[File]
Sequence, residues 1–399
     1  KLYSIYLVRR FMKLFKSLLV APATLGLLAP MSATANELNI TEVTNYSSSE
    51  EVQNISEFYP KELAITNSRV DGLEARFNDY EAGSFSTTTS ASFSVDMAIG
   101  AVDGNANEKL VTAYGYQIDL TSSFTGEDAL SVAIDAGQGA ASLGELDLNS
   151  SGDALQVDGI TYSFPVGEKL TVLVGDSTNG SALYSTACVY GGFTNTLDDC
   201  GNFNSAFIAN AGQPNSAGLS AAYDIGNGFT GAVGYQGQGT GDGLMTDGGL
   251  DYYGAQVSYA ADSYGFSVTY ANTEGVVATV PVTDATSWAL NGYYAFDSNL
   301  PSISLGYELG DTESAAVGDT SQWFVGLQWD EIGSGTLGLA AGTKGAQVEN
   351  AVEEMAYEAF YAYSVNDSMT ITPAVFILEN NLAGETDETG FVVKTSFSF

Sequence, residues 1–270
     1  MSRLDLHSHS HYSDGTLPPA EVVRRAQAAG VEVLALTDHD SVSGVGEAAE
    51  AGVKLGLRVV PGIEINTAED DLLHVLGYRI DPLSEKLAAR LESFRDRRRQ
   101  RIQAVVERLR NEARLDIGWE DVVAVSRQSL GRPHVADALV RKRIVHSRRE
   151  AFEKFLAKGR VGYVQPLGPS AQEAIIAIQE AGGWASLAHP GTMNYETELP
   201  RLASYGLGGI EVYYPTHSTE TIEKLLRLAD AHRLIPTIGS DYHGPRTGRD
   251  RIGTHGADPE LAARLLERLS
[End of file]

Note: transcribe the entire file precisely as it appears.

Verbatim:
Sequence, residues 1–399
     1  KLYSIYLVRR FMKLFKSLLV APATLGLLAP MSATANELNI TEVTNYSSSE
    51  EVQNISEFYP KELAITNSRV DGLEARFNDY EAGSFSTTTS ASFSVDMAIG
   101  AVDGNANEKL VTAYGYQIDL TSSFTGEDAL SVAIDAGQGA ASLGELDLNS
   151  SGDALQVDGI TYSFPVGEKL TVLVGDSTNG SALYSTACVY GGFTNTLDDC
   201  GNFNSAFIAN AGQPNSAGLS AAYDIGNGFT GAVGYQGQGT GDGLMTDGGL
   251  DYYGAQVSYA ADSYGFSVTY ANTEGVVATV PVTDATSWAL NGYYAFDSNL
   301  PSISLGYELG DTESAAVGDT SQWFVGLQWD EIGSGTLGLA AGTKGAQVEN
   351  AVEEMAYEAF YAYSVNDSMT ITPAVFILEN NLAGETDETG FVVKTSFSF

Sequence, residues 1–270
     1  MSRLDLHSHS HYSDGTLPPA EVVRRAQAAG VEVLALTDHD SVSGVGEAAE
    51  AGVKLGLRVV PGIEINTAED DLLHVLGYRI DPLSEKLAAR LESFRDRRRQ
   101  RIQAVVERLR NEARLDIGWE DVVAVSRQSL GRPHVADALV RKRIVHSRRE
   151  AFEKFLAKGR VGYVQPLGPS AQEAIIAIQE AGGWASLAHP GTMNYETELP
   201  RLASYGLGGI EVYYPTHSTE TIEKLLRLAD AHRLIPTIGS DYHGPRTGRD
   251  RIGTHGADPE LAARLLERLS